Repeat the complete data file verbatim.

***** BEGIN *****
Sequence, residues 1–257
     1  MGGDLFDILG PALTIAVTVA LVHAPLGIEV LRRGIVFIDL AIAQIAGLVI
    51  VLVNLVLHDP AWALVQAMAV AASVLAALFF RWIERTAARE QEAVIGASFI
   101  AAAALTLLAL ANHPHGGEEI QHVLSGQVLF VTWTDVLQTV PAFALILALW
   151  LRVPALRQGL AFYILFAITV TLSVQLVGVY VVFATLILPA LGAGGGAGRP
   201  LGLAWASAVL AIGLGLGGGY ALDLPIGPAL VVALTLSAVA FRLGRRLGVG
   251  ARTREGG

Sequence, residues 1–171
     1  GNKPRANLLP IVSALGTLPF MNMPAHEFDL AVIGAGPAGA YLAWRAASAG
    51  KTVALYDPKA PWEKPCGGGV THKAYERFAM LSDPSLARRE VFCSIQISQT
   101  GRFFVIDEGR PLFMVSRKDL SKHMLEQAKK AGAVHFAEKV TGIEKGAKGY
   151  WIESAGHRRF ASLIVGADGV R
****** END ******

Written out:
Sequence, residues 1–257
     1  MGGDLFDILG PALTIAVTVA LVHAPLGIEV LRRGIVFIDL AIAQIAGLVI
    51  VLVNLVLHDP AWALVQAMAV AASVLAALFF RWIERTAARE QEAVIGASFI
   101  AAAALTLLAL ANHPHGGEEI QHVLSGQVLF VTWTDVLQTV PAFALILALW
   151  LRVPALRQGL AFYILFAITV TLSVQLVGVY VVFATLILPA LGAGGGAGRP
   201  LGLAWASAVL AIGLGLGGGY ALDLPIGPAL VVALTLSAVA FRLGRRLGVG
   251  ARTREGG

Sequence, residues 1–171
     1  GNKPRANLLP IVSALGTLPF MNMPAHEFDL AVIGAGPAGA YLAWRAASAG
    51  KTVALYDPKA PWEKPCGGGV THKAYERFAM LSDPSLARRE VFCSIQISQT
   101  GRFFVIDEGR PLFMVSRKDL SKHMLEQAKK AGAVHFAEKV TGIEKGAKGY
   151  WIESAGHRRF ASLIVGADGV R